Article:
Upper recesses: rattletrap + 1 layer of 2Ē thick thinsulate + Low-E
Middle window recesses: rattletrap + 1.5Ē of RMAX PolyIso rigid foam + Low-E
Bottom recesses: rattletrap + 2 layers of Thinsulate
Roof: 1 layer of RoadKill + 1.5Ē of RMAX PolyIso rigid foam + Low-E

The walls are pretty much done, except for the fact that I am leaving the Low-E off until I get all my electrical run and situated...

Went ahead and put a double layer of 2" wide thinsulate in the middle channels; Just snaked them through the oblong holes and pulled them the length of the run. Pretty much put thinsulate in all the nooks and crannys I could.

Rear and slider doors got a healthy dose of thinsulate as well - I spend a lot of time working it in those things !! but happy how it turned out. I get a good "thump" when closing them now. Solid sounding!

For the bottom recesses I determined that there was enough room to put two layers of Thinsulate and not really compress it! - So that gives an estimated R-value of about R10 - give or take. Couple that with the Low-e, I think it will be really good. Iím happy with how itís looking so far.

For the Middle window recesses, I decided to go with the RMax Polyiso because I want some rigidity in those areas since Iíll be running some L-Track and other things along the wall. Iíll be reinforcing the walls and roof in some parts with some metal sheeting of some flavor (SS, or painted steel, etc), so the foam will give a nice firm area to play with, while giving an estimated R-value of close to 10+ with the Low-E.

Lastly, the Roof - I want the most reflective insulation possible; Iím struggling on whether to run with the 1.5Ē Rmax to get an Rvalue of R13, followed by the Low-E (R6). OR go with the Thinsulate (R5) and the Low-E (R6) - I can get approx R11 with the proper small airgap (specs say that Low-E in horizontal applications gets R6 mostly).

Iím going to be shimming out the roof with some 1/4 boards to provide a surface for the roof panels to mount on, as well as give me just a little bit more gap between the insulation and the Low-e.

Given I have a lot of leftover Thinsulate, ponder if R11 is good enough for me; also considering it wonít cost me any more money. Although, the RMAX isnít too bad in terms of cost for the amount Iíll need. However the other option could yield upwards of R19 combination with the right air gap. Thatís pretty significant. Iím also thinking of the fact that Iíll have upwards of 300-400 watts of Solar on the roof, collecting the sun at times.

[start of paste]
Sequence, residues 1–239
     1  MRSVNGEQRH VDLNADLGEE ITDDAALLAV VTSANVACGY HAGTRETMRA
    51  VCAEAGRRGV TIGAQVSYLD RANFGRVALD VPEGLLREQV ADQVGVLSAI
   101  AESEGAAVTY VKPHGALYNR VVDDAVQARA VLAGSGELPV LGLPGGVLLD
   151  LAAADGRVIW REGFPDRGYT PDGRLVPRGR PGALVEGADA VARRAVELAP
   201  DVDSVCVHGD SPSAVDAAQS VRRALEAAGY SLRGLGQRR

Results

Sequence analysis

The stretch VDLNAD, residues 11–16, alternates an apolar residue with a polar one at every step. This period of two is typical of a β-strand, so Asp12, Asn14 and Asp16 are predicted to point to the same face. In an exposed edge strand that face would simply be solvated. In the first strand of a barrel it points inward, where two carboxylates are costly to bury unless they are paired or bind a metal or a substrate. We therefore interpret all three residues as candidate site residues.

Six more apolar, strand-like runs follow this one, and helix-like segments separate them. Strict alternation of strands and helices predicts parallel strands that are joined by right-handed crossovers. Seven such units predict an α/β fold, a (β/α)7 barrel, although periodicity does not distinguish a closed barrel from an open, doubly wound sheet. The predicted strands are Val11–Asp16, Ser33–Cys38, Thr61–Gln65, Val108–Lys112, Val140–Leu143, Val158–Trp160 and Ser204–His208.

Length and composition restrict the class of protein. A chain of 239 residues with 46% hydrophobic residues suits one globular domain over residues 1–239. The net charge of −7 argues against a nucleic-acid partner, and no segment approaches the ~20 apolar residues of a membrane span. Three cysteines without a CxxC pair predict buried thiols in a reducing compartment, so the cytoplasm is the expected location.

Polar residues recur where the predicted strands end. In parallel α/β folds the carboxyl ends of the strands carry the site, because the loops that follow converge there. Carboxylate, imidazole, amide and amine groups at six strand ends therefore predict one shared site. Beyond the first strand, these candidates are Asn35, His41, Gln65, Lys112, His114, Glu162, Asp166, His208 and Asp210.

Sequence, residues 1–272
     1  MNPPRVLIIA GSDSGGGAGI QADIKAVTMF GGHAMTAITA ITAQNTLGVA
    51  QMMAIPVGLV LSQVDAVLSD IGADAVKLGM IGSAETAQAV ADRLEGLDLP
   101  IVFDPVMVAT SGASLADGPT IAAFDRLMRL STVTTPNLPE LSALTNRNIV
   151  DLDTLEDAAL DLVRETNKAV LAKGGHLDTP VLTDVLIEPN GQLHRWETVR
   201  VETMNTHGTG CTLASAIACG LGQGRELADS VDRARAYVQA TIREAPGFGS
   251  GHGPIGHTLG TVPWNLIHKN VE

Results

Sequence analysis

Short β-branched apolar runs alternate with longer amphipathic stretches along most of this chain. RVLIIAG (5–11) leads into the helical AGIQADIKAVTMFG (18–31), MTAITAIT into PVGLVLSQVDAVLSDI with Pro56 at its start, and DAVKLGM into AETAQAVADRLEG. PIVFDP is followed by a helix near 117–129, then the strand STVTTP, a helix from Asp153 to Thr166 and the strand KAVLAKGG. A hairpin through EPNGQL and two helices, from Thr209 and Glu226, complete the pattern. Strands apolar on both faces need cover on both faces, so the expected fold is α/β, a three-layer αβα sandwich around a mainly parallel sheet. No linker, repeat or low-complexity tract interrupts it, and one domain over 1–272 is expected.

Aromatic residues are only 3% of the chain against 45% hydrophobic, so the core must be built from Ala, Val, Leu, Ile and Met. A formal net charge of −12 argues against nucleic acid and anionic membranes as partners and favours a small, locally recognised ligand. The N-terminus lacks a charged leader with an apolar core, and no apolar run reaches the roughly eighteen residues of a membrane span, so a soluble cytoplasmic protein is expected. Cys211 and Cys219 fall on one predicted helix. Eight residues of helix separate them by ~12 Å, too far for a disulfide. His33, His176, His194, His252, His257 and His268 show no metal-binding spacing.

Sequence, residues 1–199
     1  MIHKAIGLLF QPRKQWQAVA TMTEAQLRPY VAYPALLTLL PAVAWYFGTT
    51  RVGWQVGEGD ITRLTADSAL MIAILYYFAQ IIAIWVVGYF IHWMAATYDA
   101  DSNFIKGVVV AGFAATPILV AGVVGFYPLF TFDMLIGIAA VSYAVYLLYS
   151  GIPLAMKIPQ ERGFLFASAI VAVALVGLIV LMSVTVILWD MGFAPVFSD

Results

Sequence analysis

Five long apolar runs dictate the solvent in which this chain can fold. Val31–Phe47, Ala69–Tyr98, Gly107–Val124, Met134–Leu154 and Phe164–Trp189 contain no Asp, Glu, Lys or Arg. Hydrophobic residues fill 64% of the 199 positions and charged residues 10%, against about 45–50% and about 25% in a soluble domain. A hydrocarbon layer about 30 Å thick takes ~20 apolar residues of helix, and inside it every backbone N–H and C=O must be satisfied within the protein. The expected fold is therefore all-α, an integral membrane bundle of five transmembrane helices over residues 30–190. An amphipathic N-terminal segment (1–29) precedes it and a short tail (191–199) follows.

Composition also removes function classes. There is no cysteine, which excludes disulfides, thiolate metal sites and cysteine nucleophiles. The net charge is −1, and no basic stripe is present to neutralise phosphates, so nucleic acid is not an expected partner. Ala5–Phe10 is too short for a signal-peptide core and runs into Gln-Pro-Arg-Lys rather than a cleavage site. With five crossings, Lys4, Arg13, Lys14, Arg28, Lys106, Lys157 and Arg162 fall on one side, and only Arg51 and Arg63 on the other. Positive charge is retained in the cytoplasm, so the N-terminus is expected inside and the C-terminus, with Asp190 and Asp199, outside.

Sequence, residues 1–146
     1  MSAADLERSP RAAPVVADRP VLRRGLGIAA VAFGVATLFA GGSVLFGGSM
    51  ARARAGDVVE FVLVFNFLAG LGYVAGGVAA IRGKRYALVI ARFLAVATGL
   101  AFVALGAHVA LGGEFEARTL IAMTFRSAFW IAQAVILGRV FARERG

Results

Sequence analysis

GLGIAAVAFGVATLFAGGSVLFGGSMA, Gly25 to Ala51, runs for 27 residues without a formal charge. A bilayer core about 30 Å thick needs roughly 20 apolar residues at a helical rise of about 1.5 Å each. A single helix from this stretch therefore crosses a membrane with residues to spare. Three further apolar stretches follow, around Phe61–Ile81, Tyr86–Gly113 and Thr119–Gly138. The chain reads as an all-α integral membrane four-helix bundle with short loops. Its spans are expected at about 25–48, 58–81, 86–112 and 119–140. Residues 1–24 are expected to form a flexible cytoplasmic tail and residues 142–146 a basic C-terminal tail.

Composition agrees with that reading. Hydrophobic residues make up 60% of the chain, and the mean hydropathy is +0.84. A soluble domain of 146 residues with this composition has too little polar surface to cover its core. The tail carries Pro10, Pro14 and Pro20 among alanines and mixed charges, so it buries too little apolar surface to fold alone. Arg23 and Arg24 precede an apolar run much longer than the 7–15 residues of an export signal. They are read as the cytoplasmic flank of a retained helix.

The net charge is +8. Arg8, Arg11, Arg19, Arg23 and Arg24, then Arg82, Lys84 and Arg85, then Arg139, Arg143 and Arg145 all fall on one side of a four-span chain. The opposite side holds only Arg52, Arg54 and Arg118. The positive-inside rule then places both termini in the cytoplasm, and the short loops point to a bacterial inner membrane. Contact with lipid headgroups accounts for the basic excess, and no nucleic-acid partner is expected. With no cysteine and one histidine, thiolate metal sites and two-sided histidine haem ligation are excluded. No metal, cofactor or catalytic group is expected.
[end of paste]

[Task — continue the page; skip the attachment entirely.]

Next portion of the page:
Before I seal it all up with Low-E, I need to go and seal the side trim mounting tabs on the inside, everywhere I can - with some sealant. Or do folks think it's overkill ? The thinsulate is hydrophobic after all...

Interested in everyoneís thoughts.
Thank you for the details on your build!

Curious, how many labor hours did it take for the following casmith?

- Front Cab Insulation & Stereo Install
- Rear Cargo Area Insulation & Stereo Install
- Fan Install

Trying to gauge what it will be like labor wise for my upcoming build.

Thank you!

-Ryne
ryneodonnell is offline   Reply With Quote
Old 10-19-2015, 02:16 PM   #23
hein
Mech. Engineer CAD/CNC
 
Join Date: Jan 2011
Location: PacNW
Posts: 1,821
Thanks: 1,143
Thanked 1,266 Times in 745 Posts
Default Re: 2015 170Ē DirtDevil Build

Thank your for sharing your impressive insulation strategy. Rain on a metal van roof can be pretty loud. Thinsulate(TM) could let you sleep though it.
__________________
2010 MB 3500 RV conversion.
hein is offline   Reply With Quote
The Following User Says Thank You to hein For This Useful Post:
jamesthomsen (12-29-2015)
Old 10-19-2015, 05:27 PM   #24
casmith32
 
Join Date: Nov 2014
Location: Boulder,CO
Posts: 195
Thanks: 4
Thanked 68 Times in 38 Posts
Default Re: 2015 170Ē DirtDevil Build - Insulation

@ryneodonnell

I'm pretty mechanically and technically inclined (engineer), so I'm a bit methodical and cautious in my planning - sometimes to a fault...so things took longer than I'd like for the simple fact that I pondered materials, methods, usage, etc.. but in terms of estimated hours of actual "work" time vs planning, etc:

Probably a total of 8-10 hrs for the front cab stereo and insulation on the headliner/doors

About 8 hrs total for the rear insulation- including working things into the nooks and crannys

Fan Install - probably a total of 6 hours of actual work over 3 days. There is a certain pucker factor when cutting into a brand new 2015 van when you've never done it before; thus lots of time measuring, making template, remeasuring, dry fitting, etc...

For me, the first time of doing something always takes longer because I'm very cautious and methodical to make sure I'm doing a quality job. So now that I know how all this stuff works, and how things pop off, connect, etc, I can do it much faster with much more confidence...

For example - now I could knock out the two fan installs easily in a half a day I think... as in most things..preparation is what take a lot of the time..

Quote:
Originally Posted by ryneodonnell View Post
Thank you for the details on your build!

Curious, how many labor hours did it take for the following casmith?

- Front Cab Insulation & Stereo Install
- Rear Cargo Area Insulation & Stereo Install
- Fan Install

Trying to gauge what it will be like labor wise for my upcoming build.

Thank you!

-Ryne
casmith32 is offline   Reply With Quote
The Following User Says Thank You to casmith32 For This Useful Post:
jed_williams (11-14-2015)
Old 10-19-2015, 05:40 PM   #25
casmith32
 
Join Date: Nov 2014
Location: Boulder,CO
Posts: 195
Thanks: 4
Thanked 68 Times in 38 Posts